Therefore we affirm the dignity and human brotherhood of all mankind in addition to the unity of all believers in Christ regardless of race, colour or ethnicity [226].  We will therefore take steps personally and corporately to encourage racial and cultural harmony, expressing this visibly in our communities and churches.

We deny that there is any basis in reason or in the Bible for racial discrimination by any person against other people [227].
[224] Gen 5:1–3; Acts 17:26–28.  [225] Eph 2:13–18.  [226] Col 3:11.  [227] Rev 7:9.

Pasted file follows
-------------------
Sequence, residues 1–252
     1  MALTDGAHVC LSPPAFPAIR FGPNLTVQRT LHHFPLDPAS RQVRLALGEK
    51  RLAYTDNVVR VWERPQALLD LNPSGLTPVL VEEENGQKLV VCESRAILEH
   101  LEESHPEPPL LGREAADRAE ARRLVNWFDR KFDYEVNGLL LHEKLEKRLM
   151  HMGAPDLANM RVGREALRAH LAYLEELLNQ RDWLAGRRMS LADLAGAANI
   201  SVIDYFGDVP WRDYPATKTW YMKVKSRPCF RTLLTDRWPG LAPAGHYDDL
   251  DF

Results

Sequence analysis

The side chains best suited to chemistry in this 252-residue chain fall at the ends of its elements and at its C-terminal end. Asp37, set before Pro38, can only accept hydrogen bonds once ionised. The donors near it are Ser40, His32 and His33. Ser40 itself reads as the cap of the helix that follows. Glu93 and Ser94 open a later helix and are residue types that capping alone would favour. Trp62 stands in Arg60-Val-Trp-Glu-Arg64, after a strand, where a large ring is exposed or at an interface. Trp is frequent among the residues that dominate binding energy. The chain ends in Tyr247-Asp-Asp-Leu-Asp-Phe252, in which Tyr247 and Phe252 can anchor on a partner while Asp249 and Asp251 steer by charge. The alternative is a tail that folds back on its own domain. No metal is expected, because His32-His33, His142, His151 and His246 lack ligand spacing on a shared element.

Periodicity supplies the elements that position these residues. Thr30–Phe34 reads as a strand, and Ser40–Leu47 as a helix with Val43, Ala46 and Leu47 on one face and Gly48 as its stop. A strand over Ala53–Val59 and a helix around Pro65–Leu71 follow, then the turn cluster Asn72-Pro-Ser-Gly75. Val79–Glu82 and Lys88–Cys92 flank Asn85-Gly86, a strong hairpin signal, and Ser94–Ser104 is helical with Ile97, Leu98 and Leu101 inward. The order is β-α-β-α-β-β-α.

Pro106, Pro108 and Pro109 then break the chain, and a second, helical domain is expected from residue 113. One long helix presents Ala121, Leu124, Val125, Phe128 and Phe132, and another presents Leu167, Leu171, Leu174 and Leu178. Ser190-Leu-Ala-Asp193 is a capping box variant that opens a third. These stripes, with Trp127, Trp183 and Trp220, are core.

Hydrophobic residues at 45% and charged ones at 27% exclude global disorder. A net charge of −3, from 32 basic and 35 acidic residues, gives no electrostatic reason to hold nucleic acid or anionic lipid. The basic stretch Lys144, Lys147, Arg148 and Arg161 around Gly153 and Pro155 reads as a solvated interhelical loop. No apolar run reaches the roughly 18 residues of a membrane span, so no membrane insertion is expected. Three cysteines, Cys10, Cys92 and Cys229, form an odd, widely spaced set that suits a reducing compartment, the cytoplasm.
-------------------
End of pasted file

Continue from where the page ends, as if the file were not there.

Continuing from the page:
We believe  that  multi - cultural churches  truly glorify  God for  these following reasons:

1.        They  illustrate  the truth that God has created people of all races and ethnicities in his own image (Genesis 1:27).
2.        They illustrate   the truth that Jesus is not a tribal deity, but that He  is the Lord of all races, nations, and ethnicities.
3.        They illustrate  that the blood of Christ  has been shed  for people  “from every tribe and language and people and nation” (Revelation 5:9).
4.       They illustrate  more compellingly the aim and power of the cross of Christ to “reconcile us both to God in one body through the cross, thereby killing the hostility” (Ephesians 2:16).